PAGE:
Does Neil Levy go into anything on orality with respect to this topic? Check: Levy, Neil. 2011. “Neuroethics and the Extended Mind.” In Judy Illes and B. J. Sahakian (Ed.), Oxford Handbook of Neuroethics, 285–94, Oxford University Press

      Link this to P.M. Forni's question about how I think about mathematics and my answer relating to scaffolding or the construction of the Great Pyramid of Giza.

      Link this to the 9/8 zettel quote from Luhmann about writing being thinking.

      Compare the ideas of visual thinking (visualizations) and a visualization of one's thinking being instantiated in writing along with the Feynman quote about the writing being the thinking. What ways are they similar or different? Is there a gradation in which one subsumes the other?

      What does Annie Murphy Paul have to say on this topic in The Extended Mind?

  6. Feb 2022
  7. Nov 2021
    1. whose lifelong work integrates the core insights of the great wisdom traditions and mysticism with the discoveries of science.
    1. Basically you take an idea, convert that idea into a character then whenever you want to think about that idea you imagine yourself as that character and then explain that idea to yourself through that character. For example: We first take an idea (lets use automation) Then we turn it into a character (lets see automation as a mass of cogwheels and pistons moving around randomly) Then you imagine yourself as that character and see the world through that characters eyes (in this case we would be disgusted by humanity because of how slow and inefficient it is) Now when we are asked a question about automation or when we want to think about automation we can imagine ourselves becoming that character and we can speak through them to answer that question

      Related to the idea of putting oneself into another ideas' shoes discussed a bit in Annie Murphy Paul's book The Extended Mind.

  8. Sep 2021
  9. Apr 2021
    1. Neither question nor answer appears to understand the notion of semantic HTML. Height and width are presentational attributes regardless of where you put them. For semantics we establish what the image means to content in the alt tag. I don't remember why it was so important to width/height in the HTML but I suspect it was in case you hit browsers without CSS rendering. It's not a semantics issue. If anything it thwarts separation of concerns to a degree.

      claim: that the OP's question and this answer are incorrect

      Could we say that this answer (that this comment replies to) missed the point?

      I actually believed and thought this answer was spot on ... until I read this comment, and then I reversed my opinion.

  10. Oct 2020
    1. One of the primary tasks of engineers is to minimize complexity. JSX changes such a fundamental part (syntax and semantics of the language) that the complexity bubbles up to everything it touches. Pretty much every pipeline tool I've had to work with has become far more complex than necessary because of JSX. It affects AST parsers, it affects linters, it affects code coverage, it affects build systems. That tons and tons of additional code that I now need to wade through and mentally parse and ignore whenever I need to debug or want to contribute to a library that adds JSX support.
  11. Jan 2020
    1. rich self-experience in a solitary state is far less likely to feel lonely when alone.”
    2. “the value of solitude depends on whether an individual can find an interior solitude” within themselves, says Bowker. Everyone is different in that regard: “Some people can go for a walk or listen to music and feel that they are deeply in touch with themselves. Others cannot.”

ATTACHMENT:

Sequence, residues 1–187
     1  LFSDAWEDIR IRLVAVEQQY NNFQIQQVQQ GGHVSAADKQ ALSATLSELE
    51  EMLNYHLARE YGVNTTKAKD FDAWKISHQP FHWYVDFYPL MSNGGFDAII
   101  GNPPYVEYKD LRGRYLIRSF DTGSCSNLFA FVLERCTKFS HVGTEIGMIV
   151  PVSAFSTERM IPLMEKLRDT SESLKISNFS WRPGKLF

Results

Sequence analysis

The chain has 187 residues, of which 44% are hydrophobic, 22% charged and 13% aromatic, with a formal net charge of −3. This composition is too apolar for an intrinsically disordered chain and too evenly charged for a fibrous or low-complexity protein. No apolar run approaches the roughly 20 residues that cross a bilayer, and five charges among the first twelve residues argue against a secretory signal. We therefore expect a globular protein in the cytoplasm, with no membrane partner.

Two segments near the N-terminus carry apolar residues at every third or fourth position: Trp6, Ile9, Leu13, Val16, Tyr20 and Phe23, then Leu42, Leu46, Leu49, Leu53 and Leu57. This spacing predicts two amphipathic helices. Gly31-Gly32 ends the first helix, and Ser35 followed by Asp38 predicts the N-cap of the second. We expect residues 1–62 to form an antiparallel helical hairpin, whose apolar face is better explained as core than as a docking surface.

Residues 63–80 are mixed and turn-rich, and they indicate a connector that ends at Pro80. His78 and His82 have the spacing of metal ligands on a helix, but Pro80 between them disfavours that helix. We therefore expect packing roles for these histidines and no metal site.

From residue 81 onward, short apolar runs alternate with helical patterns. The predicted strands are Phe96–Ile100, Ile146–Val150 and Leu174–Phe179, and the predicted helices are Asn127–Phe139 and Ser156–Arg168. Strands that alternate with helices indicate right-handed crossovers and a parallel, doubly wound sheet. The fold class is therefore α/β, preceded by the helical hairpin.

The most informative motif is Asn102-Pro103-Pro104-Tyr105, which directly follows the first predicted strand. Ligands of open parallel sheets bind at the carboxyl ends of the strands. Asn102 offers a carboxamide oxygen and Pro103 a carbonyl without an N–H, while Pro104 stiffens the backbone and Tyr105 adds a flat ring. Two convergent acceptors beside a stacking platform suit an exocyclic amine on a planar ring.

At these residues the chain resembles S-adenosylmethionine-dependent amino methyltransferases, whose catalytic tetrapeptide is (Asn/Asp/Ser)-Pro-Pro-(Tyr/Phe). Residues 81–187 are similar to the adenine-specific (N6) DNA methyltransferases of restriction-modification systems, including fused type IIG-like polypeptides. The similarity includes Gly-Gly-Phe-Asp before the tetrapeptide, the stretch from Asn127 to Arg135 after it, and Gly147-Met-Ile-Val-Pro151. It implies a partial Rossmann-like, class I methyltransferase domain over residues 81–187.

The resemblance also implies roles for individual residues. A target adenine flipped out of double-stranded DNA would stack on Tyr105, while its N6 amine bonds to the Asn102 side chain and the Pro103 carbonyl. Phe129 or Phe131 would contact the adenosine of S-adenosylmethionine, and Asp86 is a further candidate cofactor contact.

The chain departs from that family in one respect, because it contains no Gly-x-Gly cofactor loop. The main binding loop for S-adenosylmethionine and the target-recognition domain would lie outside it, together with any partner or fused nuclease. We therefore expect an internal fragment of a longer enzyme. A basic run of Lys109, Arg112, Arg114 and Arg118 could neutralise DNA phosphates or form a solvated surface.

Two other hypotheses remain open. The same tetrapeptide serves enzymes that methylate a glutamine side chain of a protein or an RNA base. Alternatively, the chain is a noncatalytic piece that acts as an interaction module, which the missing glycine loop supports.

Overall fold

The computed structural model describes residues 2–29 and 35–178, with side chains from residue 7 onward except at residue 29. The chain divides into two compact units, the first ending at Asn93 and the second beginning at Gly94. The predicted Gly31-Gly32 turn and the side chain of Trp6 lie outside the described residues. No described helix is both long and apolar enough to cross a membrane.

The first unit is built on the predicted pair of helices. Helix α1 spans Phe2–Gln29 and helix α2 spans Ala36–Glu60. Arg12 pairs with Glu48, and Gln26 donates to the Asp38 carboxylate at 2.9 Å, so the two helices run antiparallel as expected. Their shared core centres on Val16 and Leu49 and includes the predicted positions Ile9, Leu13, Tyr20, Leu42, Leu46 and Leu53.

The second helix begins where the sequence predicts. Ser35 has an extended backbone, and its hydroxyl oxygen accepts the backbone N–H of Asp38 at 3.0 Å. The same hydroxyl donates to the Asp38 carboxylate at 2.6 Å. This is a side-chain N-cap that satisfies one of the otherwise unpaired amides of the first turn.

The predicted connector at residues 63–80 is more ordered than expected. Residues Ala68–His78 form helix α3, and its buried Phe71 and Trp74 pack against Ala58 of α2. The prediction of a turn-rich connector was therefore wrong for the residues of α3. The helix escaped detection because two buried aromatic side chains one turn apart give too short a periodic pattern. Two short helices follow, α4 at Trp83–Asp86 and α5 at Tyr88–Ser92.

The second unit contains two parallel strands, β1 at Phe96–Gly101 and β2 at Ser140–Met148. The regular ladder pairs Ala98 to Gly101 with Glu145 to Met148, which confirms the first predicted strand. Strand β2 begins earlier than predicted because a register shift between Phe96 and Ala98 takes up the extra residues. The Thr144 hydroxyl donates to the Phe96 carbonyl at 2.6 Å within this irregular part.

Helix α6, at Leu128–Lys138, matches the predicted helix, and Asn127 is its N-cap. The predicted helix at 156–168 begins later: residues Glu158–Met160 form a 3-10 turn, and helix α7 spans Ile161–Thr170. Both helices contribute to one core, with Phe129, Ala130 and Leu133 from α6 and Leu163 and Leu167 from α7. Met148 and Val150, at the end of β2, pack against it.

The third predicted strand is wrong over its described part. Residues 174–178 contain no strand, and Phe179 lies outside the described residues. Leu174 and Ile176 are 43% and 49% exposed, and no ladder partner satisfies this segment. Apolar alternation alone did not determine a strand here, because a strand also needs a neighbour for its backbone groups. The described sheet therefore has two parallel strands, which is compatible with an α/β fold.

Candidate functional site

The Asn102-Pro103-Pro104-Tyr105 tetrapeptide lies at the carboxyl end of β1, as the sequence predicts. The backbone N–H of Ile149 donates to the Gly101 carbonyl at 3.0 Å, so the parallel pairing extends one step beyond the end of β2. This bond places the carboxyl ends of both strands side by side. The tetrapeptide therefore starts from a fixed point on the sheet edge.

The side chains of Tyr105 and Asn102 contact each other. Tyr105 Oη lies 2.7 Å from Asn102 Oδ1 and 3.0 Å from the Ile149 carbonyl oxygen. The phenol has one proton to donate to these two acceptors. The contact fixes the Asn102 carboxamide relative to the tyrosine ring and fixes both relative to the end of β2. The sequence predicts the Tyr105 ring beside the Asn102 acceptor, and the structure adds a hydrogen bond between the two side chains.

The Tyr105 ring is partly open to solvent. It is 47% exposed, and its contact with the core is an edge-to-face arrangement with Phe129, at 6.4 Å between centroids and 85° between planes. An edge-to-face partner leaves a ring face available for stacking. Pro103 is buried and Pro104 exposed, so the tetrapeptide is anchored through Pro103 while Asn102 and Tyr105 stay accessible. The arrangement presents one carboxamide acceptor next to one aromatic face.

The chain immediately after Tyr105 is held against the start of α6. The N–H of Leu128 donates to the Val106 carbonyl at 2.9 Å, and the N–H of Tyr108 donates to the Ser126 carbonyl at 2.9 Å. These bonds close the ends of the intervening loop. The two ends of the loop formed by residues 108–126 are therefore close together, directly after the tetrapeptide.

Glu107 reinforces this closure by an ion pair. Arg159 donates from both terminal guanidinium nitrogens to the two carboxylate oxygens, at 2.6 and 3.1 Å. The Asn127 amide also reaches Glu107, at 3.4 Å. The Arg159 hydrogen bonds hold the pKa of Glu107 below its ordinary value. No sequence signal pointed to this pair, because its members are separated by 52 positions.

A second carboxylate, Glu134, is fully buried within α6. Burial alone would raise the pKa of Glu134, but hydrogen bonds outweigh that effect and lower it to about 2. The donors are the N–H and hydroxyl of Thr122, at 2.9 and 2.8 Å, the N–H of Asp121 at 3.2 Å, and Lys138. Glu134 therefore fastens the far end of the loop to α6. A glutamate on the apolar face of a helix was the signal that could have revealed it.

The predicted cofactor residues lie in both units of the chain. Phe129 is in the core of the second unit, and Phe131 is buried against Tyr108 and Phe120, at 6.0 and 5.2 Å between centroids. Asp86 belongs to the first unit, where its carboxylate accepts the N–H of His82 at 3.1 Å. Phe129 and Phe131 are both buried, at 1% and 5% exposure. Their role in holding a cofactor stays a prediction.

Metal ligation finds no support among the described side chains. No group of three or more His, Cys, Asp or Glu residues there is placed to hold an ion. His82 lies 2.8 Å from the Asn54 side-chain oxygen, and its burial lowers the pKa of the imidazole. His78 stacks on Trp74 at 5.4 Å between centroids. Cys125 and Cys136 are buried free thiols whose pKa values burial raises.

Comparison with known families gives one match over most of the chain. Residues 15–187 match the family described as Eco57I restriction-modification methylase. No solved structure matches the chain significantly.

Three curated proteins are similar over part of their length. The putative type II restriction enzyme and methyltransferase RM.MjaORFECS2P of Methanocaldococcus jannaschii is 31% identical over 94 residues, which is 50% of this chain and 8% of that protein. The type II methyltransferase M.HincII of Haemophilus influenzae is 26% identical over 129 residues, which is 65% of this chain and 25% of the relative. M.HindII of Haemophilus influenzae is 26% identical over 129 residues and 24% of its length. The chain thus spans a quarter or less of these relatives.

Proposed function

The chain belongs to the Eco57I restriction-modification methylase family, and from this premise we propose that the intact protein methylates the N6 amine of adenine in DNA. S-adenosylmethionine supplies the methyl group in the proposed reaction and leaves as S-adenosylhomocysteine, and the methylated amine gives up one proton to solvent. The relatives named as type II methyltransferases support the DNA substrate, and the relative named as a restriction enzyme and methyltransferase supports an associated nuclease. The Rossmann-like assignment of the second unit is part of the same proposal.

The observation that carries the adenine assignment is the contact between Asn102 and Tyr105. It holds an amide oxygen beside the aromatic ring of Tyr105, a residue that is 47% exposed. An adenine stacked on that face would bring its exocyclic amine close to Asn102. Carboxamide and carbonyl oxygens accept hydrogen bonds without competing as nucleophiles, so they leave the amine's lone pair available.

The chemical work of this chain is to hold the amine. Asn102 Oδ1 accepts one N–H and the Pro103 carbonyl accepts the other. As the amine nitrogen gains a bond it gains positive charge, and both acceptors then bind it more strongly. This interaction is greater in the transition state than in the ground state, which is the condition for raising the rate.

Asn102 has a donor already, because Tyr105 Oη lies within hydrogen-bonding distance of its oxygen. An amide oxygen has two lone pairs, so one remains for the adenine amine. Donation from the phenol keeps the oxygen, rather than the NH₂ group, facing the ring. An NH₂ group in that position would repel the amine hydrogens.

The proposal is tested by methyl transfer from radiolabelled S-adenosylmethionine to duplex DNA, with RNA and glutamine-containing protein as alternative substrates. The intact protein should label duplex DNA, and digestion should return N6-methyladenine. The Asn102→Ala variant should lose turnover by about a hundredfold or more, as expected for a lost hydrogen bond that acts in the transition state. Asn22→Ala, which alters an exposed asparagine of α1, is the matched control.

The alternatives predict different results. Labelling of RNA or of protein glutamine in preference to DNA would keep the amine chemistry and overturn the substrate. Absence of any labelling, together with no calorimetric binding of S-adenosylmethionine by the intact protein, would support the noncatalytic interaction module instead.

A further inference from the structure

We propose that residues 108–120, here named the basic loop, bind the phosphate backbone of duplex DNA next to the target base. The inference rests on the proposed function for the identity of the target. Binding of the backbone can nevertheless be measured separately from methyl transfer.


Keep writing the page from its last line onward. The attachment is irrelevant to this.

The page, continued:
3. “When people take these moments to explore their solitude, not only will they be forced to confront who they are, they just might learn a little bit about how to out-maneuver some of the toxicity that surrounds them in a social setting.”
    1. remember the moments that plumbed the depths of our emotional life, that made us feel most alive?
    2. rare, exciting, oceanic, deeply moving, exhilarating, elevating experiences that generated an advanced form of perceiving reality,
    3. greater contemplation associated with intense experiences may increase the likelihood that we consider such events self-defining.
  12. Jan 2017
    1. There is little order of one sort where things are in process of construction; there is a certain disorder in any busy workshop; there is not silence; persons are not engaged in maintaining certain fixed physical postures; their arms are not folded; they are not holding their books thus and so. They are doing a variety of things, and there is the confusion, the bustle, that results from activity. But out of occupation, out of doing things that are to produce results, and out of doing these in a social and coöperative way, there is born a discipline of its own kind and type.

      This is what my classroom looks like everyday, all day long. Students are in my art classes to produce, problem solve, learn from mistakes, learn from one another. They are actively engaged, the room gets messy. If an admin were to walk in, I'd hope they'd take a moment to observe and realize that what they are seeing is learning! Luckily I do have great admins so they do.

    1. lthough it is clear that reading scientific papers becomes easier with experience, the stumbling blocks are real, and it is up to each scientist to identify and apply the techniques that work best for them.
    2. At the beginning, new academic readers find it slow because they have no frame of reference for what they are reading.
  13. Oct 2016
    1. The world, like your mind, can be a terrifying place to be. Its appearances are frightening and threatening, and it is in chaos with great, insurmountable problems-just like your mind.

      The two reciprocal conjugate artificial realities:

      • the outer virtual world (The Separation) and
      • the inner virtual world (the personal mind)